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  • Build?
  • Light = .6mJ/sample (~1S per acquisition) Pressure = .00875 mJ/sample (~.025S) Each sensor with 10 neighbors, 1 Child Processor : 1s waiting for samples, 1s to receive/forward data = 10mJ Radio : .07mJ sampling, ~1mJ receive, ~.2 mJ sending 84% energy processing, 5% sensing, 11% radio Idle time sensing, communicating dominates power
  • Parameterized interfaces? Needed for LogicalTime, TimerC
  • Comm interval = slot within longer epoch Tell you in a few moments how comm intervals are assigned Show you basic aggregation process
  • Say something about a new node arriving, or a node leaving Notice number of empty slots
  • Move out of experiments! Properties give us: effective, transparent optimization Extensibility
  • Cut math
  • details

TinyDB Tutorial Presentation Transcript

  • 1. Implementation and Research Issues in Query Processing for Wireless Sensor Networks Wei Hong Intel Research, Berkeley [email_address] Sam Madden MIT [email_address] ICDE 2004
  • 2. Motivation
    • Sensor networks (aka sensor webs, emnets) are here
      • Several widely deployed HW/SW platforms
        • Low power radio, small processor, RAM/Flash
      • Variety of (novel) applications: scientific, industrial, commercial
      • Great platform for mobile + ubicomp experimentation
    • Real, hard research problems to be solved
      • Networking, systems, languages, databases
    • We will summarize:
      • The state of the art
      • Our experiences building TinyDB
      • Current and future research directions
    Berkeley Mote
  • 3. Sensor Network Apps Habitat Monitoring : Storm petrels on Great Duck Island, microclimates on James Reserve. Traditional monitoring apparatus. Earthquake monitoring in shake-test sites. Vehicle detection : sensors along a road, collect data about passing vehicles.
  • 4. Declarative Queries
    • Programming Apps is Hard
      • Limited power budget
      • Lossy, low bandwidth communication
      • Require long-lived, zero admin deployments
      • Distributed Algorithms
      • Limited tools, debugging interfaces
    • Queries abstract away much of the complexity
      • Burden on the database developers
      • Users get:
        • Safe, optimizable programs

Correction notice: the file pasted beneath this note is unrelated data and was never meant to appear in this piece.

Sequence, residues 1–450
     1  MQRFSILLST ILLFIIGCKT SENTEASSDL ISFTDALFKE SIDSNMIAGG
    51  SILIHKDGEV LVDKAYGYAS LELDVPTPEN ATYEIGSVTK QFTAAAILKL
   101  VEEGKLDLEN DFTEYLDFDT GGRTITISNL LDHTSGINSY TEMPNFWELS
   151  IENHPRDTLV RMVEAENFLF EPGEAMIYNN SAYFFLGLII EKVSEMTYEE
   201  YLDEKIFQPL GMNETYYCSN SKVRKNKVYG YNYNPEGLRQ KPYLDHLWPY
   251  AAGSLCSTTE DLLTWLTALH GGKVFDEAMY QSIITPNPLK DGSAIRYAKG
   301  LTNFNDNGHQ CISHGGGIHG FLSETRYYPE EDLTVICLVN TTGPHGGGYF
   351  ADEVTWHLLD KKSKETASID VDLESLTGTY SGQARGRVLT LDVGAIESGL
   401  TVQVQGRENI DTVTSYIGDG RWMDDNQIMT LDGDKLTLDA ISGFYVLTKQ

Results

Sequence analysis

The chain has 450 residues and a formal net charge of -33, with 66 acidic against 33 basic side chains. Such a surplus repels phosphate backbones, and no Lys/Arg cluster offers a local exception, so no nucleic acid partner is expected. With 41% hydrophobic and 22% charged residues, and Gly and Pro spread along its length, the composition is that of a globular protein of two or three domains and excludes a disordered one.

• Freedom to think about apps instead of details
  • 5. TinyDB: Prototype declarative query processor
    • Platform: Berkeley Motes + TinyOS
    • Continuous variant of SQL : TinySQL
    • Power and data-acquisition based in-network optimization framework
    • Extensible interface for aggregates, new types of sensors
  • 6. Agenda
    • Part 1 : Sensor Networks (50 Minutes)
      • TinyOS
      • NesC
    • Short Break
    • Part 2: TinyDB (1 Hour)
      • Data Model and Query Language
      • Software Architecture
    • Long Break + Hands On
    • Part 3: Sensor Network Database Research Directions (1 Hour, 10 Minutes)
  • 7. Part 1
    • Sensornet Background
    • Motes + Mote Hardware
      • TinyOS
      • Programming Model + NesC
    • TinyOS Architecture
      • Major Software Subsystems
      • Networking Services
  • 8. A Brief History of Sensornets
    • People have used sensors for a long time
    • Recent CS History:
      • (1998) Pottie + Kaiser: Radio based networks of sensors
      • (1998) Pister et al: Smart Dust
        • Initial focus on optical communication
        • By 1999, radio based networks, COTS Dust, “Motes”
      • (1999) Estrin + Govindan
        • Ad-hoc networks of sensors
      • (2000) Culler/Hill et al: TinyOS + Motes
      • (2002) Hill / Dust: SPEC, mm^3 scale computing
    • UCLA / USC / Berkeley Continue to Lead Research
      • Many other players now
      • TinyOS/Motes as most common platform
    • Emerging commercial space:
      • Crossbow, Ember, Dust, Sensicast, Moteiv, Intel
  • 9. Why Now?
    • Commoditization of radio hardware
      • Cellular and cordless phones, wireless communication
    • Low cost -> many/tiny -> new applications!
    • Real application for ad-hoc network research from the late 90’s
    • Coming together of EE + CS communities
  • 10. Motes 4Mhz, 8 bit Atmel RISC uProc 40 kbit Radio 4 K RAM, 128 K Program Flash, 512 K Data Flash AA battery pack Based on TinyOS Mica Mote Mica2Dot
  • 11. History of Motes
    • Initial research goal wasn’t hardware
      • Has since become more of a priority with emerging hardware needs, e.g.:
        • Power consumption
        • (Ultrasonic) ranging + localization
          • MIT Cricket, NEST Project
        • Connectivity with diverse sensors
          • UCLA sensor board
      • Even so, now on the 5th generation of devices
        • Costs down to ~$50/node (Moteiv, Dust)
        • Greatly improved radio quality
        • Multitude of interfaces: USB, Ethernet, CF, etc.
        • Variety of form factors, packages
  • 12. Motes vs. Traditional Computing
    • Lossy, Adhoc Radio Communication
    • Sensing Hardware
    • Severe Power Constraints
  • 13. Radio Communication
    • Low Bandwidth Shared Radio Channel
      • ~40kBits on motes
      • Much less in practice
        • Encoding, Contention for Media Access (MAC)
    • Very lossy: 30% base loss rate
      • Argues against TCP-like end-to-end retransmission
        • And for link-layer retries
    • Generally, not well behaved
    From Ganesan, et al. “Complex Behavior at Scale.” UCLA/CSD-TR 02-0013
  • 14. Types of Sensors
    • Sensors attach via daughtercard
    • Weather
      • Temperature